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Getting up on our soapboxes about the government shutdown
Are we all listening to a different America in echo chambers of our own making?
When the government actually shut down last night, I, like millions of Americans, couldn’t believe it. It happened.
What? “I can’t believe it.” That was what I actually said, plus a few other profane words that we all uttered.
I was mad. Pissed. I wanted to scream out my window just like Peter Finch’s character did in Network.
But my neighbors wouldn’t take to kindly to it.
Ten years ago, I might have headed to the local bar around the corner and knocked back a few with a few other angry citizens. But now, I didn’t need a bar. I didn’t even need a drink.
I just needed Facebook. Oh, how I needed you, Facebook. I needed to vent. I needed to rant. I needed to kvetch. And I did.
I couldn’t sleep. So while my partner slept, I tapped. I scrolled. I liked. I posted.
“So kids, lemme see if I get the lesson here: if you act just like your government, you play by the rules. You fight as hard as you can to win. When in the end you lose, you refuse to give up. You yell and scream until you get your way. When that doesn’t work, you shut down your school..oh hell..you shut down the district…wait..you shut down the whole country. You put a bunch of people out of work and tell everyone that it’s your opponents’ fault because heck, they could have just given you what you wanted. Too bad it’s not a game. This could yank the whole country back into a recession.”
People “liked” it. They commented.
I posted again.
“I can’t be the only one who is too angry to sleep. If you don’t think this government shutdown is personal, then you do not rely on this economy for your livelihood.
People liked again.
It felt good.
People “liked” my posts. People responded. Yes. They agreed: Yes, they assured me, the Republicans really were behaving like spoiled children, and a lot worse.
Yes, they were angry too.
Yes, they didn’t want our President to cave into their demands.
Yes. Yes. Yes.
I was still mad, but I could sleep.
When I woke up this morning, I immediately checked my Facebook. There was that reassuring little red bubble on myiPhone. It meant one thing: There were more comments. There were more likes.
It felt so good. Like a drug. Maybe because it is.
After checking out my Facebook page, I turned on my NPR app. The President was going to make a speech. We flipped on the TV and turned to CNN. And there, standing before us in HD glory was Newt Gingrich. And he was blaming Obama, of course.
Inside, I started broiling. How could he? He doesn’t represent us! Just check out Facebook! Everyone agreed with me!
True, more Americans blame the Republicans than they do Democrats, but I really was only seeing one side.
The last time I weighed in on a particularly partisan battle (I’ve been doing it a lot more since being released as a mainstream media reporter, formerly banned from expressing political opinions in public), I saw many sides of the issue.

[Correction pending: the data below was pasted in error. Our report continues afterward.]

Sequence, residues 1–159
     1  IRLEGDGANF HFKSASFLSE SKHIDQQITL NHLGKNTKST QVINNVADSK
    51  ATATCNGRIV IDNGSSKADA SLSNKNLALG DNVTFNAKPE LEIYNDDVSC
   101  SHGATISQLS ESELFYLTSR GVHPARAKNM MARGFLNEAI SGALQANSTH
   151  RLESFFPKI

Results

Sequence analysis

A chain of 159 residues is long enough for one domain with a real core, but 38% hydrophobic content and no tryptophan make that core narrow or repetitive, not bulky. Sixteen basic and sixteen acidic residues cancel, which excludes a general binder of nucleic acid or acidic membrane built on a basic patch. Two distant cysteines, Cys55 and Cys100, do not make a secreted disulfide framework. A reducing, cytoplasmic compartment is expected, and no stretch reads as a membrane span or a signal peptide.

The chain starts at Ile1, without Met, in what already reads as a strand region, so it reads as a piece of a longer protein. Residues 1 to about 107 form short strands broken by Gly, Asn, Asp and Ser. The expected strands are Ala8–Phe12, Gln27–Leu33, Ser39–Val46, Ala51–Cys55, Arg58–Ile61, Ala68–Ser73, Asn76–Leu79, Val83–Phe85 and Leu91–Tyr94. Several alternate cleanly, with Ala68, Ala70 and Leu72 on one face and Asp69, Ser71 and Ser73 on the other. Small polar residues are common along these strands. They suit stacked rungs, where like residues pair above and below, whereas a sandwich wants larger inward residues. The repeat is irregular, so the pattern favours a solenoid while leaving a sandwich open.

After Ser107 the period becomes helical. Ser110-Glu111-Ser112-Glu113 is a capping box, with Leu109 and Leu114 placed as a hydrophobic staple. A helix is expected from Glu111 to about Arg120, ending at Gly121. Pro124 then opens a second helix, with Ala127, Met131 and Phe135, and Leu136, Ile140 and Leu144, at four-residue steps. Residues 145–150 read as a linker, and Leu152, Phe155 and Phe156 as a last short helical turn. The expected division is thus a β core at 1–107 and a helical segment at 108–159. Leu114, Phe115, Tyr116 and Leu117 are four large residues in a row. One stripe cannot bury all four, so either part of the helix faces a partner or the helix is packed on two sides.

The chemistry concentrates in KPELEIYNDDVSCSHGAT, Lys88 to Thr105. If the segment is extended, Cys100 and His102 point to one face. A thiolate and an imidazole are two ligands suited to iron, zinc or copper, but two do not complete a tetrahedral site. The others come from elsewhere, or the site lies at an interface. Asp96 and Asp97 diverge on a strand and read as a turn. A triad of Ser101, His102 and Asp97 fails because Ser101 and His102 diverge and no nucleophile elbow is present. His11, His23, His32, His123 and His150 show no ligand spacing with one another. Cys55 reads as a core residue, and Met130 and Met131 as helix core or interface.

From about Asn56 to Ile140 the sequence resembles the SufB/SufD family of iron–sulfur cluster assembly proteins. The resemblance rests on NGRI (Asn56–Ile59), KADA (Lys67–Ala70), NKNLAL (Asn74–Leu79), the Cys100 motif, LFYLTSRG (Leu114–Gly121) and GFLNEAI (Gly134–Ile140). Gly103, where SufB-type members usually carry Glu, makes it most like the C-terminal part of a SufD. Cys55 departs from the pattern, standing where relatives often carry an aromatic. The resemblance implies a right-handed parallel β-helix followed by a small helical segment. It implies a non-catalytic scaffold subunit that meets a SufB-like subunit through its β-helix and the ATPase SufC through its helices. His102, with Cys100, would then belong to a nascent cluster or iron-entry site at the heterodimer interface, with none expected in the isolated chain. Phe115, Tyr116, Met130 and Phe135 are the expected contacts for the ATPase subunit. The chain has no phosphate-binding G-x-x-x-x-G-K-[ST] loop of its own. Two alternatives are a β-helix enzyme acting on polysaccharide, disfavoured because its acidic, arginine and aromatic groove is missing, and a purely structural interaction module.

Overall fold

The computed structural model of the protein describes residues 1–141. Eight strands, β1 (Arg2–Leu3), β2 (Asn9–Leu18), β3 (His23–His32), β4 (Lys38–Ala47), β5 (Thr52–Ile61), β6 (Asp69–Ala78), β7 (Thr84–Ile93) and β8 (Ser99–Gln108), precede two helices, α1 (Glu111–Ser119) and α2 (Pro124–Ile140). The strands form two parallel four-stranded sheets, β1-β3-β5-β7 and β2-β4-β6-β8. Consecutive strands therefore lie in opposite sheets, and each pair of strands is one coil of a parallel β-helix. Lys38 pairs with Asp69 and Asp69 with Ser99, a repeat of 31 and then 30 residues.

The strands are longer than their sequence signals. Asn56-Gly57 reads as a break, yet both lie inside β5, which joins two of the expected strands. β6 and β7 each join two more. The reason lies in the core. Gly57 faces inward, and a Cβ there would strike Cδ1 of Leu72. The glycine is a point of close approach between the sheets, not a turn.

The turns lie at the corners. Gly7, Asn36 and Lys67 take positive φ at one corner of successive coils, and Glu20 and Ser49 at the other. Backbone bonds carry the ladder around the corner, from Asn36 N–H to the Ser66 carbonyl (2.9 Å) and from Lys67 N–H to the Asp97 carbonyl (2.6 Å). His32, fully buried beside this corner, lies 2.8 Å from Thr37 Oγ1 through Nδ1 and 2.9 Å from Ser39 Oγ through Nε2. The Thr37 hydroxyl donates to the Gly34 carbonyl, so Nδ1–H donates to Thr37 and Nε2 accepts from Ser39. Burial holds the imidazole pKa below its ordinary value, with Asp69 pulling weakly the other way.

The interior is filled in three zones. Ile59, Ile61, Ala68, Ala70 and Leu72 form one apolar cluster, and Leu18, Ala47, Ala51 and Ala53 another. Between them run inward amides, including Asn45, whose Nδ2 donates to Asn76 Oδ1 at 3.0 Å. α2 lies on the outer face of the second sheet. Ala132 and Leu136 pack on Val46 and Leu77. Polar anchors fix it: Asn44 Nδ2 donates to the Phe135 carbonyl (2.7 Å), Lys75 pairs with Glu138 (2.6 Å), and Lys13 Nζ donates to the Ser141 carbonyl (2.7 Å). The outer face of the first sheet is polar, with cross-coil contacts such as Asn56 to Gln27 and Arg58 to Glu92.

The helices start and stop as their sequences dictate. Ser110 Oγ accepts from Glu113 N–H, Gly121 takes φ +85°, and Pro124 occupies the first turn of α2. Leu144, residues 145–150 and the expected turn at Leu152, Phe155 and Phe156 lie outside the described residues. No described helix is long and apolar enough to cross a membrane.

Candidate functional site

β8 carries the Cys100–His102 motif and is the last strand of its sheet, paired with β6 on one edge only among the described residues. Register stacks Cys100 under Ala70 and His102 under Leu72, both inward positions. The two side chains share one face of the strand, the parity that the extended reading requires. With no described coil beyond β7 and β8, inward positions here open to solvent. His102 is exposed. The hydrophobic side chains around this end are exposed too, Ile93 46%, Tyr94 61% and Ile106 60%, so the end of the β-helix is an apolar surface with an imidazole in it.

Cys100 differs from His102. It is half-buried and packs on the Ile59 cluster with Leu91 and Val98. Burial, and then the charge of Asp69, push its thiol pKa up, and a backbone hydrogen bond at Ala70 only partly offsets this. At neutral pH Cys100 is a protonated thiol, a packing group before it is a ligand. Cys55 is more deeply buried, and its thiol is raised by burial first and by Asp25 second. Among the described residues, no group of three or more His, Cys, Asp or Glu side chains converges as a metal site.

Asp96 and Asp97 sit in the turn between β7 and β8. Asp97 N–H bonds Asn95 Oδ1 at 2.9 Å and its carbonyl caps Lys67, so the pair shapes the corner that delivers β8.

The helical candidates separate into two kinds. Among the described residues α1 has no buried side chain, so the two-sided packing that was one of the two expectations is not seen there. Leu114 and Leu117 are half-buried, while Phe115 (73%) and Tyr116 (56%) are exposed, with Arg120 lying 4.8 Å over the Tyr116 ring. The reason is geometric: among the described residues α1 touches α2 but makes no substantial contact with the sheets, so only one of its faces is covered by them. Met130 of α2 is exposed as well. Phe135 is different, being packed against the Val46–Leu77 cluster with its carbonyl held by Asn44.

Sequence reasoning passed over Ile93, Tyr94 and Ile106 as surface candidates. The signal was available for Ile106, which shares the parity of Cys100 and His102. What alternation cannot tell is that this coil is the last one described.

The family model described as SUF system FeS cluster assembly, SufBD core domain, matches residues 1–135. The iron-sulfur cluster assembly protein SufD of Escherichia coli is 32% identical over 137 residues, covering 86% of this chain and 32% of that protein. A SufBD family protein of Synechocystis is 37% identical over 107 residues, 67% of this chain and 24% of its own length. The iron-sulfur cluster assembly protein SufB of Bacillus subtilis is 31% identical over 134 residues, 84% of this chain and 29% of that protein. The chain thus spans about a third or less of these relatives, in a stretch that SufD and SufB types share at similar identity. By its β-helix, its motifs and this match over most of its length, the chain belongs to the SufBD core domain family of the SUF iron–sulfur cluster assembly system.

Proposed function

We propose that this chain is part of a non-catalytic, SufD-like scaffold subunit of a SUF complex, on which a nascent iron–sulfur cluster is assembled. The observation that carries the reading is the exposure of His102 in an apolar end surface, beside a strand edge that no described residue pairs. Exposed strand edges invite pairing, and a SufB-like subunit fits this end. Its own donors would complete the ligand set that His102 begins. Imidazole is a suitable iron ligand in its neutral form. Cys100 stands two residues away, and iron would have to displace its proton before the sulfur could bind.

There were people in my feed with whom I violently disagreed. I’ll admit that part of me thought of unfriending them. But then I stopped myself.
No, I told myself. You need to hear them. If you, a journalist by nature—someone who has been trained to carefully weigh all sides of an issue—can’t talk to people with whom you disagree, how do you expect others to do it?
So even as my finger hovered over the “unfriend” button, I decided to keep them as friends.
But guess what? Somewhere along the line, they unfriended me. They didn’t like listening to my left-leaning rants any more than I liked listening to their right-leaning ones. And I hadn’t even noticed.
I hadn’t missed them, just as I hadn’t missed seeing Gingrich’s wobbly face ranting about “Obamacare.”
So we were listening to two, three, four—probably more—different Americas.
We were all in echo chambers of our own making.
And maybe that’s part of the larger problem—how it is that allegedly sane, moral people can have such radically different perceptions of the country.
Because we each curate our own feeds in our social networks, we’re only seeing the slice of the universe that we’ve chosen to see.
Even if your particular side is correct and the other side is dead wrong, this can’t be good for us. It can’t be good for democracy.
So does this mean I’m going to go out and friend my fellow Tea Partiers? Hmmm. Doubtful, to be honest. They probably wouldn’t want to friend me.
But I definitely will reach out of my comfort zone to at least read what the other side has to say. And then I’ll probably complain about it on Facebook.
That’s my God-given American right. Isn’t it?
Janet Kornblum is a writer and media trainer who chronicles the shifting landscape of social media and its influence on society.
Photo by MonsieurLui/Flickr
Janet Kornblum was the Daily Dot's first features editor. She works as a journalist and licensed private investigator in the Bay Area, and she has contributed reporting and photography to USA Today and CNET.